Just announce to your group that you have eaten or are really full and are just there for the company. Not only do they realize that the friendship means something to you, the budget remains intact as nobody asks someone to pay up if they have not had anything.

However, the skill of saying no to food or drinks will again come handy here.
In India, a very easy option to not need to even utter the word no, is to say that you are fasting 😉

5. Make room in your budget

If your socialising budget is sacrosanct, make adjustments in some other controllable area

If you know that you will still end up going out and socializing with friends and colleagues, take a good guesstimate of how much would that cost you. Account for that in your budget and accordingly cut down in some other area of your life.

If you believe the cost of socializing is not under your control, cut down on some other area in your budget which might still be your controllable. Click To Tweet

6. Find new friends
Now for the extreme idea. I do not mean – find new friends in a bad way. However, check with yourself if you still enjoy the company. Check again as to what are you letting go just to pay for it. If all of it still makes sense, scratch out this option.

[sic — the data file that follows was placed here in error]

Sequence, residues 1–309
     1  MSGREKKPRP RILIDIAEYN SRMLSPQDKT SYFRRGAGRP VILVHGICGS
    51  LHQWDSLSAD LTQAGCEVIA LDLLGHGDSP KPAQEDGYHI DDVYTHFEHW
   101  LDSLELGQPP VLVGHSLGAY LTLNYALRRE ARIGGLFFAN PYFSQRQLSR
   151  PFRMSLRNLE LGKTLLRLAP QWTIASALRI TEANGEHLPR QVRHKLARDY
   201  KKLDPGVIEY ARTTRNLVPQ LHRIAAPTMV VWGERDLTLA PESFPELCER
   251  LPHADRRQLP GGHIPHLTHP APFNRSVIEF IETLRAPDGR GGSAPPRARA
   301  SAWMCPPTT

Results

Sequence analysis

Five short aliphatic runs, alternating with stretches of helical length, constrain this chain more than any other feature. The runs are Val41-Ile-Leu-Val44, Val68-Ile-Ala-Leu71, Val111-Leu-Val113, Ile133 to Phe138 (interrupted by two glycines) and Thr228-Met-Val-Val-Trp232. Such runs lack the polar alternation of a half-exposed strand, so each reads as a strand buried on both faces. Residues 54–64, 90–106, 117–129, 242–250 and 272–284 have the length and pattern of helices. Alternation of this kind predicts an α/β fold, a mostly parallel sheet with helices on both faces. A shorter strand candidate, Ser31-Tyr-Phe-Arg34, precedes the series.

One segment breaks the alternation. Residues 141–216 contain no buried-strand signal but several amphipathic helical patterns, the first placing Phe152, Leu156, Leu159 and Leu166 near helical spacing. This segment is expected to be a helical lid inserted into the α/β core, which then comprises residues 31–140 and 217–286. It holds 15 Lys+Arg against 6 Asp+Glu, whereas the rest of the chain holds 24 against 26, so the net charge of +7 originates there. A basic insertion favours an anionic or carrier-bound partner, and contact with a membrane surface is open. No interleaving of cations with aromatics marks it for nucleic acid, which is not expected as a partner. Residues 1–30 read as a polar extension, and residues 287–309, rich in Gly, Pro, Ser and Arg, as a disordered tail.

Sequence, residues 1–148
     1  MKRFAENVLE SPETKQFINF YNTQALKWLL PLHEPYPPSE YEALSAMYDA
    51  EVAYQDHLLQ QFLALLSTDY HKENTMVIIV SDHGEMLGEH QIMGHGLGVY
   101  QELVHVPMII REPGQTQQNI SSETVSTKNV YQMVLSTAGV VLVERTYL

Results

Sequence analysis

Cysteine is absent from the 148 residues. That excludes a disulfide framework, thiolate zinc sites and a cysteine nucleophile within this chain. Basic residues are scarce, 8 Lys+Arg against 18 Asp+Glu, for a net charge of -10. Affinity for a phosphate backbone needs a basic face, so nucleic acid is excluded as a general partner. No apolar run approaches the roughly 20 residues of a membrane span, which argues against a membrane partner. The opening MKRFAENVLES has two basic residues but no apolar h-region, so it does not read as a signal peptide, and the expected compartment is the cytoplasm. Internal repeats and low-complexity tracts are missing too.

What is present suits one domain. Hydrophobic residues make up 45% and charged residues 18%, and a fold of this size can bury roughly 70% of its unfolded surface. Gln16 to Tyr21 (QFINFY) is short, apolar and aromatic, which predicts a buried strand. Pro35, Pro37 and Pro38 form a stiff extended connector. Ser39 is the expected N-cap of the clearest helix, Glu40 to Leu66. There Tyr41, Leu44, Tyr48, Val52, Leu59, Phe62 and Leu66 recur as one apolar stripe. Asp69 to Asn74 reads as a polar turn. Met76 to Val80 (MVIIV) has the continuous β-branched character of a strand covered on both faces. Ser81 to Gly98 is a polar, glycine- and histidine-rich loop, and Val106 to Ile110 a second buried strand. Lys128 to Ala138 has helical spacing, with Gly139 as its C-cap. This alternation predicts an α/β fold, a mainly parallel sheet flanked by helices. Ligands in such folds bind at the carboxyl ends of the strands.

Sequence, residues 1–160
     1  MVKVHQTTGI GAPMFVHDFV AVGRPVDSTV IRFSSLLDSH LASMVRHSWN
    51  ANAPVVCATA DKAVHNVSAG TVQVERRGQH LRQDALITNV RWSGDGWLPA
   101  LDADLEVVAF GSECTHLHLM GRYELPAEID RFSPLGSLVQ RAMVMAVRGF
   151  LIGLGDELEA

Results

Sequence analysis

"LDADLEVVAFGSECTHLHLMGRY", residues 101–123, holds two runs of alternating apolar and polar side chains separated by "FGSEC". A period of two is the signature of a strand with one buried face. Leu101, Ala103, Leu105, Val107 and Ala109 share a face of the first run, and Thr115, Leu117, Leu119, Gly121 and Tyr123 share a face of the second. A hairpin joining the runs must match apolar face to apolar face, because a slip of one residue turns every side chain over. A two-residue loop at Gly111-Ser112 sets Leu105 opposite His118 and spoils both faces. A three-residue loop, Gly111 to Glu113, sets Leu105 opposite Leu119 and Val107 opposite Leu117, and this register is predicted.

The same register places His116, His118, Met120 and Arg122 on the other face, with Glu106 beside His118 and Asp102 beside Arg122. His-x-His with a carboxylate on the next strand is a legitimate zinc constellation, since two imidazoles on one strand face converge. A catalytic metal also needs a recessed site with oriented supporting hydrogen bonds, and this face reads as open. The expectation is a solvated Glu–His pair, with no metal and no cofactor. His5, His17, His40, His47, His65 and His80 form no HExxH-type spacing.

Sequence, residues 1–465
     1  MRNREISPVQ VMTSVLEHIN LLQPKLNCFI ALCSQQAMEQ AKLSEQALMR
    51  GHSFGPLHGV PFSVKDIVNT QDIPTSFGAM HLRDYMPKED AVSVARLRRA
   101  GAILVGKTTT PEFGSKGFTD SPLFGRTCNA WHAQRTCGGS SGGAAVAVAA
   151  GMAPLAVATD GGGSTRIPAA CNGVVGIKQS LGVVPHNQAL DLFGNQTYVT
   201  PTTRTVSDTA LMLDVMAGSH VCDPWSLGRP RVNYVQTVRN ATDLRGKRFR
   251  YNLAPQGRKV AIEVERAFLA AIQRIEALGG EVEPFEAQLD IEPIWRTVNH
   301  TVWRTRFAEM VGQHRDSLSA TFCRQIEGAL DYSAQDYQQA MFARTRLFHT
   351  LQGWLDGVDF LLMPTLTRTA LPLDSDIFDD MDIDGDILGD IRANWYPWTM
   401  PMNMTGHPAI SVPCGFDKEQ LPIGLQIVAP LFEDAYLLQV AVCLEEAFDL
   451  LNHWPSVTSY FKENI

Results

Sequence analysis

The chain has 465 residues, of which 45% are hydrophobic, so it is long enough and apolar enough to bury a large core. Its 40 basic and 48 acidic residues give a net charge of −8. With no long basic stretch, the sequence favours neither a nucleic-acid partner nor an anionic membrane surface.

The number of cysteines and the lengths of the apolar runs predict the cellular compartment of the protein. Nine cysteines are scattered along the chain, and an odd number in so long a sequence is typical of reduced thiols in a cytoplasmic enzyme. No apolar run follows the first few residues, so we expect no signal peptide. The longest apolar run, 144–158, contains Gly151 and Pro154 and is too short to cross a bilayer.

However, if you are going out just to not be called names like cheap or baniya (a caste in India traditionally looked upon as miserly) and end up not even enjoying the evening, maybe it’s time to revaluate your social circle.

Go for a meet up to gather wth others having a similar interest. Bond with people with similar financial values (easier said than done, I know). Or even better, find a hobby class and spend money on enriching yourself than on going out with nothing to show for it.

There are a lot many times when I have often worried more about the money I will end up spending at the end of the evening rather than enjoy it. I believe there might be more of you like me out there.

I hope you find some of these ideas useful. Let me know what you think in the comments or email me at